Great Smoky Mountains National Park spans Tennessee and North Carolina. The park is nestled in the heart of the Great Smoky Mountains, one of the most famous mountain ranges in the Appalachians. The wild landscapes of Great Smoky Mountains National Park represent what Appalachia looked like hundreds of years ago. Amplified by the kooky, fun tourist areas that have sprung up along the park’s Tennessee border, towns like Gatlinburg, Pigeon Forge and Wears Valley are keenly aware that Great Smoky Mountains National Park, at over 11.3 million visitors a year, is the most-visited national park in the country. The many general stores, wild rides, mini-golf courses and bumper boat attractions sing their siren song loud and clear as you head into the park.
Equal parts Las Vegas and southern Appalachian kitsch, driving down the Parkway you will see giant, LED-lit installations from the Hatfields and McCoys Dinner Feud, to T-shirt stores with live sharks, to a near life-size King Kong scaling a skyscraper. It. Is. AWESOME!
The Home While We Roam gang agrees. Out of all the towns we’ve visited that border a national park and attempt to offer tourists some extra fun, this stretch along the Parkway does it the best.
1. Make a Base Camp
Since you have both a tremendous national park and a huge variety of activities geared to tourists to try, having a centrally located base camp is important during your visit to the Smokies.
There are lots of Good Sam RV Resorts to stay at in the area and we look forward to going back and trying them. On this trip, we made our base camp at River Plantation RV Resort in Sevierville, Tennessee. We almost overlooked this neat little town, which happens to be the birthplace of Dolly Parton (more on Dolly later), because we wanted to be close to the national park. When we were doing our research, it wasn’t immediately clear that Sevierville was just on the border of Pigeon Forge, which borders Gatlinburg, which borders the national park. Once we saw that these are small towns and it was a straight 20-minute drive down the Parkway from Sevierville into the park, we knew we picked a good place to make our base camp.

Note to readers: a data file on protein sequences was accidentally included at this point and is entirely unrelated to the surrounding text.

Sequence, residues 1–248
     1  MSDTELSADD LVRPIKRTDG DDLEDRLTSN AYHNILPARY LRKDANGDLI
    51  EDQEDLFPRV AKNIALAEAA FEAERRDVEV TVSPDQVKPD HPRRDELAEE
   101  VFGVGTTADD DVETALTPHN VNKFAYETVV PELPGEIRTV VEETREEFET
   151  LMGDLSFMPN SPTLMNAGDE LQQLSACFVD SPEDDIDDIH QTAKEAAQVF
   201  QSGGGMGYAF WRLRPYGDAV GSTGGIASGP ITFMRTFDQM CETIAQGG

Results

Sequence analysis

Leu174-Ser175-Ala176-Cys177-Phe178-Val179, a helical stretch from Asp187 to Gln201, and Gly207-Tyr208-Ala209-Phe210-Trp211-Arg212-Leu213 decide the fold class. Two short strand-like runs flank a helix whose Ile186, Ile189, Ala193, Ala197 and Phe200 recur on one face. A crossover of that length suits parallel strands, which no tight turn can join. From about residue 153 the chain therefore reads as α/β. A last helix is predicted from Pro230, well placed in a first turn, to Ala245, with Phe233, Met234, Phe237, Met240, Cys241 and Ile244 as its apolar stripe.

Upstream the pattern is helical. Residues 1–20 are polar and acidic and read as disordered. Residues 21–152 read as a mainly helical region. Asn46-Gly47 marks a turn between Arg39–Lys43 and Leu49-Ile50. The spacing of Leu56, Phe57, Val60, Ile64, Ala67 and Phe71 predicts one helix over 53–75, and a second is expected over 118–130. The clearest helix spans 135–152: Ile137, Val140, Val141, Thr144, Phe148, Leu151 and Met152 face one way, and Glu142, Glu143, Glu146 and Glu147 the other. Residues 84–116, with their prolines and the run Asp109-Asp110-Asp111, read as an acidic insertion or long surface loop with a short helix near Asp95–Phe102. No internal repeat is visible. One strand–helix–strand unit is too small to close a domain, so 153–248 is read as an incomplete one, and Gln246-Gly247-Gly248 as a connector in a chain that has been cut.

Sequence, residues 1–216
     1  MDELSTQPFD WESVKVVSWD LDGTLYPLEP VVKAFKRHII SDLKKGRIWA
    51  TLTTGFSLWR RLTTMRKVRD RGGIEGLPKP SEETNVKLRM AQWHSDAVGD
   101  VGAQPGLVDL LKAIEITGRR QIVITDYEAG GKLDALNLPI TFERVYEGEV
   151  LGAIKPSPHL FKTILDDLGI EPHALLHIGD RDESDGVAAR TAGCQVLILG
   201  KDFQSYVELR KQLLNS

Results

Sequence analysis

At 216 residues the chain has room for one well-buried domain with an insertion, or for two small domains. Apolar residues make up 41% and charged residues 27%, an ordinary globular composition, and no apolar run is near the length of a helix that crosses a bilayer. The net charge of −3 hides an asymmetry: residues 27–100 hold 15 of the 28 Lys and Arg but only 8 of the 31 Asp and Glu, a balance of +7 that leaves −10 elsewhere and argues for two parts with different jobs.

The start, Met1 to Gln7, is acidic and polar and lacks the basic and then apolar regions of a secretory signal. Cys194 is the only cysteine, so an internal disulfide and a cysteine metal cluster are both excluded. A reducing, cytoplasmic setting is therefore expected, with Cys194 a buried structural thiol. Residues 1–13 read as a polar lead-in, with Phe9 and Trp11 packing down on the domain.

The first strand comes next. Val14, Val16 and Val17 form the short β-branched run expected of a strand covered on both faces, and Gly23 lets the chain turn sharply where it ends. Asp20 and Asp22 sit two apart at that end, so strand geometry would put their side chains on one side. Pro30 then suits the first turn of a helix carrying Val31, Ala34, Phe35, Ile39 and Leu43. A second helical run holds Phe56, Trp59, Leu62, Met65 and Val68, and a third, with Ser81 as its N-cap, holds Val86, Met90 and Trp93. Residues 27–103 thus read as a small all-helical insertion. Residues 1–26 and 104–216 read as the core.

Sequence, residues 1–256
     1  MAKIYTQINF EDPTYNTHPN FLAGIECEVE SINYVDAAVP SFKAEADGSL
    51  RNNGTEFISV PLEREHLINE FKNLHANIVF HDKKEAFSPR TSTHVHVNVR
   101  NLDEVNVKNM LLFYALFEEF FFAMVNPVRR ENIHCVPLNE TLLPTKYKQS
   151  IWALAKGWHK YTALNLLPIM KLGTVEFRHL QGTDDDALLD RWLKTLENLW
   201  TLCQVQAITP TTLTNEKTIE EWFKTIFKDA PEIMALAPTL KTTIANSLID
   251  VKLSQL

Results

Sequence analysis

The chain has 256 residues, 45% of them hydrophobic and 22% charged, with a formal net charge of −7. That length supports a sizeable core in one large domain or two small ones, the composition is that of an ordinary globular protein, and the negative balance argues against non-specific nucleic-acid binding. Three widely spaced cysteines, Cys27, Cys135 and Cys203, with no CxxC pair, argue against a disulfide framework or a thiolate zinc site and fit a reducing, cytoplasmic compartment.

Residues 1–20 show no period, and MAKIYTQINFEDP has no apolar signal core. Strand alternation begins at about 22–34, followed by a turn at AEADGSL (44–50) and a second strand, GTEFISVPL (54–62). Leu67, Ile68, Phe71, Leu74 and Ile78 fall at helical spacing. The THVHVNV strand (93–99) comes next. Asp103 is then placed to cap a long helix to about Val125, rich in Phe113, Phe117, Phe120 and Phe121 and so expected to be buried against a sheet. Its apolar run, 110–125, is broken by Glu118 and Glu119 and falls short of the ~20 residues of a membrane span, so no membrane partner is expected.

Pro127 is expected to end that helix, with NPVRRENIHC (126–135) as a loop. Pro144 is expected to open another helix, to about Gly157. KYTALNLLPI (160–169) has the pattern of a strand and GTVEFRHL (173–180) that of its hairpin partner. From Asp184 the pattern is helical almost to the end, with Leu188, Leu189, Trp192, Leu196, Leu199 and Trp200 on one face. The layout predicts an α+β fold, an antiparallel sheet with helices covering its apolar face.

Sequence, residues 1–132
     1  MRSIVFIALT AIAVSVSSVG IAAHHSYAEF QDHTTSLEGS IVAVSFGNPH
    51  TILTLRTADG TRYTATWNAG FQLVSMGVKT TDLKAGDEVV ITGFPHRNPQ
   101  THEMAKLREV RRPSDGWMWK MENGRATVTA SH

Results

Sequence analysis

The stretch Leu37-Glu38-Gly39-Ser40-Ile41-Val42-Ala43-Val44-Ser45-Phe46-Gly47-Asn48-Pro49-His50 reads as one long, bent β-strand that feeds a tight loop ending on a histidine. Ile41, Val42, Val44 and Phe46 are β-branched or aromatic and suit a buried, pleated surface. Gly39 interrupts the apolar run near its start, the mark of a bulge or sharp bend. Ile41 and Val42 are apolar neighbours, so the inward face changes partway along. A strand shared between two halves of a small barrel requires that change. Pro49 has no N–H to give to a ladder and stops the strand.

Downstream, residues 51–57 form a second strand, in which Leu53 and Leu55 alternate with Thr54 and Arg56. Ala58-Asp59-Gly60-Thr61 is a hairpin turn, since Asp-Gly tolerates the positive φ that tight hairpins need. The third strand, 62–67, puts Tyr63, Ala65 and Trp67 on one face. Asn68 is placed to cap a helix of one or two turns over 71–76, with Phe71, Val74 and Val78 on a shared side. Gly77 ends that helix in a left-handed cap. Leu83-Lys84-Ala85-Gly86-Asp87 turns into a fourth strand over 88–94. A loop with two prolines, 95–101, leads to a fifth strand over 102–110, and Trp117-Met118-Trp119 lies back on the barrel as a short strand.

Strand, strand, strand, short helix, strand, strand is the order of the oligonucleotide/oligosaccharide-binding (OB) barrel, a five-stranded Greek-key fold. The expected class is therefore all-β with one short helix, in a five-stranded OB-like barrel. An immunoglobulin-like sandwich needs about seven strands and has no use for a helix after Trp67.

River Plantation RV Resort in Sevierville, Tennessee, has riverfront full-hookup sites. Photo: Home While We Roam
River Plantation RV Resort was a great place to enjoy our downtime. We reserved a site that was right on the banks of the West Prong Little Pigeon River. The full-hookup campsite was spacious and level with plenty of green space for the kids and pups to play in. It also had easy access to walk along the river.
River Plantation RV Resort has a spectacular pool area with a splash pad, two large pools, a hot tub and a lazy river. The pool is open from early summer through Labor Day until the daytime temperatures start getting too low. Remember, it does get cold in Tennessee so if you are fall camping keep that in mind.
The park has a great selection of amenities including a dog wash and RV wash but the Home While We Roam crew liked the lazy river the best. River Plantation RV Resort did a great job designing this fun water feature. It isn’t a huge lazy river but its well-placed jets and free-to-use tubes made for some great family fun.
We enjoyed our time at River Plantation RV Resort and will definitely stay again.
Home While We Roam Tip: Get to the pool early or go later in the afternoon when you might get the lazy river all to yourself. It was a special experience to get it all to ourselves after a long hike in the Smokies.
2. Visit Great Smoky Mountains National Park Sugarlands Visitor Center